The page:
The Gene: An Intimate History

The Gene: An Intimate History

Spanning the globe and several centuries, The Gene is the story of the quest to decipher the master-code that makes and defines humans, that governs our form and function.

The story of the gene begins in an obscure Augustinian abbey in Moravia in 1856 where a monk stumbles on the idea of a ‘unit of heredity’. It intersects with Darwin’s theory of evolution, and collides with the horrors of Nazi eugenics in the 1940s. The gene transforms post-war biology. It reorganizes our understanding of sexuality, temperament, choice and free will. This is a story driven by human ingenuity and obsessive minds – from Charles Darwin and Gregor Mendel to Francis Crick, James Watson and Rosalind Franklin, and the thousands of scientists still working to understand the code of codes.

This is an epic, moving history of a scientific idea coming to life, by the author of The Emperor of All Maladies. But woven through The Gene, like a red line, is also an intimate history – the story of Mukherjee’s own family and its recurring pattern of mental illness, reminding us that genetics is vitally relevant to everyday lives. These concerns reverberate even more urgently today as we learn to “read” and “write” the human genome – unleashing the potential to change the fates and identities of our children.

Majestic in its ambition, and unflinching in its honesty, The Gene gives us a definitive account of the fundamental unit of heredity – and a vision of both humanity’s past and future.

Title:The Gene: An Intimate History
Edition Language:English
ISBN:9781476733500
Format Type:

    The Gene: An Intimate History Reviews

  • Tony

    I have this tendency, when I read a book as brilliantly informing as this one, to wipe the froth from my mouth, shuffle the pages of notes I've written contemporaneous to the reading, and plunge into ...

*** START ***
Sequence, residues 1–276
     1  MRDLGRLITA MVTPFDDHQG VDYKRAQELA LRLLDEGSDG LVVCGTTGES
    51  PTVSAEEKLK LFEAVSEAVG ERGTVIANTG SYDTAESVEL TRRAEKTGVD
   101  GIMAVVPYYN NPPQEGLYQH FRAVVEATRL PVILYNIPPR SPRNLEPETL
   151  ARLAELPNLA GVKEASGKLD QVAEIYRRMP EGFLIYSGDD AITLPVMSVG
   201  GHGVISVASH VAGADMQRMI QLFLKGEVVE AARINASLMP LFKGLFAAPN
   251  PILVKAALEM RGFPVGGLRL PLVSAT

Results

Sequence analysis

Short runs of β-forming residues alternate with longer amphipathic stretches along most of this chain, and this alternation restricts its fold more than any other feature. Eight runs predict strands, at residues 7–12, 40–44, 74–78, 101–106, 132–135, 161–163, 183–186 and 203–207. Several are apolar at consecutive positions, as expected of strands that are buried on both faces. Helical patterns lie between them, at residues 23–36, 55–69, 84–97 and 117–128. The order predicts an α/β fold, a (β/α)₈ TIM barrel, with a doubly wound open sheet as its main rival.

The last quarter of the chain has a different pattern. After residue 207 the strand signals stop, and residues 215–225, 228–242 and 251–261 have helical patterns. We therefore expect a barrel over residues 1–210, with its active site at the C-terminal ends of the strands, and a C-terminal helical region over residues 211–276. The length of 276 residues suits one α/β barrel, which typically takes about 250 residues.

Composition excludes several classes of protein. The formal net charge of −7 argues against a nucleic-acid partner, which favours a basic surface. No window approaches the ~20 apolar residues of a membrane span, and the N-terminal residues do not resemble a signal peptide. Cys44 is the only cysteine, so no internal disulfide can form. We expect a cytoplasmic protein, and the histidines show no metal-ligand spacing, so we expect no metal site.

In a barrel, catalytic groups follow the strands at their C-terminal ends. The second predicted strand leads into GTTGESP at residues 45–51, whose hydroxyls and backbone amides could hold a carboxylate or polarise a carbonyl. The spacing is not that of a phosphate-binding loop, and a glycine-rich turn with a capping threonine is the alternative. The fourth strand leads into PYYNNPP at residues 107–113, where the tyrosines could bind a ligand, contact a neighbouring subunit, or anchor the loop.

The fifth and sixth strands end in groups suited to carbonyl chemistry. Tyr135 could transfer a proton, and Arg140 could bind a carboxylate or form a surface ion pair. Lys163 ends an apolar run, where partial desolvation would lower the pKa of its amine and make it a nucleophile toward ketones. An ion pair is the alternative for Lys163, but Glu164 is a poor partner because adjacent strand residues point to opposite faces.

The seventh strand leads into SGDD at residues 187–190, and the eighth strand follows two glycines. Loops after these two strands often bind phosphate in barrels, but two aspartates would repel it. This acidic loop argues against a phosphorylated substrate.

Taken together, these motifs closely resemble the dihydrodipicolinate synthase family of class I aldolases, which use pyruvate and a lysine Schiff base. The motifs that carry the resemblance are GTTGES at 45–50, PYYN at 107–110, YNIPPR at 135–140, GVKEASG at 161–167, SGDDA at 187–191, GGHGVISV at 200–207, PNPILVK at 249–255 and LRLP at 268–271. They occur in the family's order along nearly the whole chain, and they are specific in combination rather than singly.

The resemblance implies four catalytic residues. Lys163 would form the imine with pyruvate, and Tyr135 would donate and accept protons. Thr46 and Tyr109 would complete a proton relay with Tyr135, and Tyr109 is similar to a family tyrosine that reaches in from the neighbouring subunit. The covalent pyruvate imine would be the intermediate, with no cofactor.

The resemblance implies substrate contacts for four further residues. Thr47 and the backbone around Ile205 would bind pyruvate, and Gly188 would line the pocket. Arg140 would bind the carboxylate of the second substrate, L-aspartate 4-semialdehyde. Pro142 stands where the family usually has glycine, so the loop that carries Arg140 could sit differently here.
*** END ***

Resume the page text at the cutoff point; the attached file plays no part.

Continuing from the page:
• Always Pouting

    I think this was really good, and even better than The Emperor of All Maladies which I just read recently as well. I might have enjoyed this one more because it's relevant to my current day to day thi...

  • Aditi

    Hello bookish peeps,Another one of my review has been posted on our country's largest daily newspaper's website, The Times of India. "This book is the story of the birth, growth, and future of one of ...

  • Petra-X is down to 75 books awaiting reviews

    I listened to the BBC abridged audio book as I often do before ordering it. I like hardbacks so I try and be sure first I want to read it. I didn't like it enough. I loved The Emperor of All Maladies:...

  • Riku Sayuj

    Not half as good a narrative as The Emperor of All Maladies, but still a good account of the Gene's journey and where it is going. It will hold your attention even if you have read multiple accounts o...

  • Carol

    Cannot begin to tell you what I learned from this fascinating study of The Gene but I gained great insight from the thorough research of Siddhartha Mukherjee. I am destined for a second read/listen. T...

  • Ayse_

    In this beautifully written, vivid history of genetics; Mukherjee takes us by the hand and walks us through the hall of fame of all the people who are the reason for modern biology as we study it toda...

  • Bradley

    Thanks goes to Netgalley and a wonderful author for a wonderfully told series of stories within the world of genetics.I was worried, briefly, by the insistence of bringing Aristotle's take on the geno...

  • Emma

    I'm not going to lie, there were some pages of this book where all my mind saw was 'science science science science' etc etc over and over again instead of the actual words which apparently make sense...

  • Elyse  Walters

    Siddhartha Mukherjee, Pulitzer's Prize winning book, "The Emperor of All Maladies"scared the hell out of me right from the 'get go'....when I read that "1 in 4 people will get cancer in your lifetime"...